Educational games for kids just got even more impressive. The Nobel Prize Foundation has created a variety of games to teach kids about subjects like blood typing, DNA, the immune system and more — and it’s all free.
Through the assistance of foundations, corporate sponsors and educational bodies, Nobel Media AB creates and presents entirely free interactive, multimedia productions aimed at inspiring young people to learn more about the achievements of the Nobel Laureates. These are rapidly becoming extremely popular resources for teachers and students.
The site’s 10 most popular games right now are:
1. The Blood Typing Game
2. The DNA – the Double Helix Game
3. The Immune System Game
4. The Control of the Cell Cycle Game
5. The Pavlov’s Dog Game
6. The Electrocardiogram Game
7. The Transistor
8. The Diabetic Dog Game
9. The Split Brain Experiments Game
10. The Lord of the Flies Game
The site also has great maps and interactive tools that help teach kids about the Nobel Prize, science, medicine and issues like democracy. Elsewhere on the site, you’ll find science documentaries, facts about the Nobel Prize (such as years it was not awarded and how many women have been awarded the prize), the democracy map (a highly recommended interactive where kids can learn which countries of the world are really democratic and see the profiles of some Nobel Peace Prize recipients from around the world), plus lots more great educational games by subject.
I checked out some of the games with my six year-old son, Alex, and they were very informative and at times a bit odd! The blood typing game, for instance, would make a wonderful tool to explain the how medical technicians determine blood types. It is very hands-on and kids need to get a true grasp of the science behind it in order to successfully determine blood type and transfuse their patients (be sure to read the tutorials on the main menu before playing). The game has bright graphics that look like blood splatters and if you give the wrong bag of blood to the patient, your cartoon patient shrieks and contorts on the operating table. This could alarm young children, but the game is more designed for older kids who are likely to enjoy that campy aspect. Alex thought it was pretty funny and said, “You’d better make sure to give him the right blood next time, Mom!”.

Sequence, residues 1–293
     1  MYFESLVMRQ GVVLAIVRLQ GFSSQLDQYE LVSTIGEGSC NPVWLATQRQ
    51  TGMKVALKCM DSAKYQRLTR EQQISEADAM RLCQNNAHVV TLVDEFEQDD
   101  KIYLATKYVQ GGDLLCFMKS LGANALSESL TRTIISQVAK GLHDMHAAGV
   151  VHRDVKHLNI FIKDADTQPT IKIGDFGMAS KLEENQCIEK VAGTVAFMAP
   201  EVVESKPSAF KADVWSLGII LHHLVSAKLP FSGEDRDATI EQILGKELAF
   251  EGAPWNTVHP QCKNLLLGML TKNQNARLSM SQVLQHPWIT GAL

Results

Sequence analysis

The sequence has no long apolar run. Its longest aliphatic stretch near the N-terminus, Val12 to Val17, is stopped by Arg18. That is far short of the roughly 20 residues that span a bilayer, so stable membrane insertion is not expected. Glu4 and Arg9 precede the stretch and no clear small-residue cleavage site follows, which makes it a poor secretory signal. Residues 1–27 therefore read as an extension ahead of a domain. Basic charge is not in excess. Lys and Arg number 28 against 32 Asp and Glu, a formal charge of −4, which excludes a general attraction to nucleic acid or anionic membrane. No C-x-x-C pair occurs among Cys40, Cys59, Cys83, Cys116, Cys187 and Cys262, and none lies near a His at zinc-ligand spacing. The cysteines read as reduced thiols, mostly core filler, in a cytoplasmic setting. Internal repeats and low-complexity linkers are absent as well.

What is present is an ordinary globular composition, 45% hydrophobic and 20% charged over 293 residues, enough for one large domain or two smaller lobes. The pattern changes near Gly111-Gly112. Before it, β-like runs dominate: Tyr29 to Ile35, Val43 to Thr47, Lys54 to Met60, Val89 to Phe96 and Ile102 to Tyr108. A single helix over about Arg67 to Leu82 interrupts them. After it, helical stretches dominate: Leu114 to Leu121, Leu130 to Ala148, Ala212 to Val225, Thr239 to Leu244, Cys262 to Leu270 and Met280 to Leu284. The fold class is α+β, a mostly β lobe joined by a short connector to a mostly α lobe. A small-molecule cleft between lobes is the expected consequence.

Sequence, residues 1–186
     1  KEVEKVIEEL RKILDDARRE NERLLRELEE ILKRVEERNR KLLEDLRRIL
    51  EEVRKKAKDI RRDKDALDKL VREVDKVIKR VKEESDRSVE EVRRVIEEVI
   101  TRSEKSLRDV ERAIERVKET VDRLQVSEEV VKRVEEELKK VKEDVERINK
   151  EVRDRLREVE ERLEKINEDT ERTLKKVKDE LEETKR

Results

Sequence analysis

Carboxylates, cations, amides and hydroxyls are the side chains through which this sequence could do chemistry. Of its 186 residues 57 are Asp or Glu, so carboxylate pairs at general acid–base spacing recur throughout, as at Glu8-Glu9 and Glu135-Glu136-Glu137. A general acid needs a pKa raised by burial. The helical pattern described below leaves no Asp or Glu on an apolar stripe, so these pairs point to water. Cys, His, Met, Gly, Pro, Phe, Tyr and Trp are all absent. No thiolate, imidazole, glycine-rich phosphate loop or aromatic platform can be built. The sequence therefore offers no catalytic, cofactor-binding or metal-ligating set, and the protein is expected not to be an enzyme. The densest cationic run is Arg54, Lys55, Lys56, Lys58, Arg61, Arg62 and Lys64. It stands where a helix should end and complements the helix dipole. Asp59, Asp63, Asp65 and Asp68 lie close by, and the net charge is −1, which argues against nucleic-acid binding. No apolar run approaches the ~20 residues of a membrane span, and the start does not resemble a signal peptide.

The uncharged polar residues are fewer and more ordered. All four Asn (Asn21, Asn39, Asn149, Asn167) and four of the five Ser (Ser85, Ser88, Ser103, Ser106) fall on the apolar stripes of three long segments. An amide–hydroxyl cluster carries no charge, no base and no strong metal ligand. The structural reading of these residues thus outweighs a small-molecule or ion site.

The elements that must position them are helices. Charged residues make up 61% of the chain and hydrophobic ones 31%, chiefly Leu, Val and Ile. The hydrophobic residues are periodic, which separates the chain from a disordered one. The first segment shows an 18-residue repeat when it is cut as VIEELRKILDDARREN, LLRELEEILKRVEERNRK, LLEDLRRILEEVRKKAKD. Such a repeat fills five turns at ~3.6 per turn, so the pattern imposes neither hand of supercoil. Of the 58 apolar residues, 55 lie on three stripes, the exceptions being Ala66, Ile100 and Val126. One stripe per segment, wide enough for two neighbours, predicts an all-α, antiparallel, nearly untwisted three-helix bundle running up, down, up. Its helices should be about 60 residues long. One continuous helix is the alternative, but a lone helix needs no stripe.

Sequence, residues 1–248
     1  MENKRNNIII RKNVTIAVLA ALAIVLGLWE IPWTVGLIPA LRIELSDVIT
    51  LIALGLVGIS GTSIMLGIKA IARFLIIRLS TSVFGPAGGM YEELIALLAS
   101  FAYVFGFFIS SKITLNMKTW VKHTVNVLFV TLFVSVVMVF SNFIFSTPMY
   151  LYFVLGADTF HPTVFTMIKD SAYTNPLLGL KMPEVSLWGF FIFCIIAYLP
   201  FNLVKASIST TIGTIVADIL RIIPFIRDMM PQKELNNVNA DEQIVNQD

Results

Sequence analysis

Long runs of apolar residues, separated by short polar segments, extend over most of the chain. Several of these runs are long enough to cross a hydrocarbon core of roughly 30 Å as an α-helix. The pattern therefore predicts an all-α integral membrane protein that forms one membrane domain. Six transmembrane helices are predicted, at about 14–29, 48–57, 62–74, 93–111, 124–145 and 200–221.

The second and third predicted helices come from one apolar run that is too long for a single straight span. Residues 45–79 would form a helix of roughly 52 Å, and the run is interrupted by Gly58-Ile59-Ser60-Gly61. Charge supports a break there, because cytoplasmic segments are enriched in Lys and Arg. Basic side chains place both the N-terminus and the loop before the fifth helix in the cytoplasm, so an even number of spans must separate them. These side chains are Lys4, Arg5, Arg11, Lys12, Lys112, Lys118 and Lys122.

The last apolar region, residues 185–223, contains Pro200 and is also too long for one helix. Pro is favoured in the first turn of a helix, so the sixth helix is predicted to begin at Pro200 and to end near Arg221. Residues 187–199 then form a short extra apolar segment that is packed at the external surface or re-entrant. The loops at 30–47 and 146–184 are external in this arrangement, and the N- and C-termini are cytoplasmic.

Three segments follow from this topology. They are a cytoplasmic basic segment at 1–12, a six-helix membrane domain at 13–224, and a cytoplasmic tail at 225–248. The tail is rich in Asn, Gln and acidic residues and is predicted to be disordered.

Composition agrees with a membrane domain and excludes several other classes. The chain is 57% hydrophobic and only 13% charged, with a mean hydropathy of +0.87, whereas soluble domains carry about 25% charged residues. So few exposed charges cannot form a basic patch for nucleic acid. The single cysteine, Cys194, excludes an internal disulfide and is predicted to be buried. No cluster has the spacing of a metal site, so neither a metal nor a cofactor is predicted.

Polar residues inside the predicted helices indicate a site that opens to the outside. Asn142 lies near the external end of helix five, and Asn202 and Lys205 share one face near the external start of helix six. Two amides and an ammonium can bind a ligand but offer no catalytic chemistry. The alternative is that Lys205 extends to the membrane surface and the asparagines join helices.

Other games I tried out were running a POW camp (I learned a lot about the Geneva Convention and the rules for POWs), the trade ruler game (I got to pick my island and trade partner, customize myself and choose how to run my island to try to make it prosper), the chicken farm game (a good for young kids in order to teach about vitamin B1 in foods — move fast to feed your chickens the feeds highest in the vitamin before they die!) and the Lord of the Flies game (an elaborate game meant to be played after the student reads the book, in order to test the student’s memory and understanding of the book).
Some of these games are more educational and some are more just plain fun. Many of the games, such as the trade game and blood typing game, are a good mix of both fun elements and elements to help students get a really thorough understanding of the issues.
This is a highly educational site with loads of content to explore. The games are suitable for elementary students with parental assistance (some are also geared specifically for younger kids), middle school and high school students. Even parents are likely to learn a lot here, though.
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This article originally appeared on examiner.com